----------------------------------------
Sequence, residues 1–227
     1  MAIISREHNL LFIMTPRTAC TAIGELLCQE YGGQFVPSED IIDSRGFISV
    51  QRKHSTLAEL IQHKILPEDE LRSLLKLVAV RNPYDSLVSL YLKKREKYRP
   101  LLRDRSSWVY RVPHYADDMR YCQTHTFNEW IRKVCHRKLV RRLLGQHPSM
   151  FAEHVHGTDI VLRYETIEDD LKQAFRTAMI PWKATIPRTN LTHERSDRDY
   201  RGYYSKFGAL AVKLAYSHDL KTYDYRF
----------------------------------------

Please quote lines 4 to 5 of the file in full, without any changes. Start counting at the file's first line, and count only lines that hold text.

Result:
   101  LLRDRSSWVY RVPHYADDMR YCQTHTFNEW IRKVCHRKLV RRLLGQHPSM
   151  FAEHVHGTDI VLRYETIEDD LKQAFRTAMI PWKATIPRTN LTHERSDRDY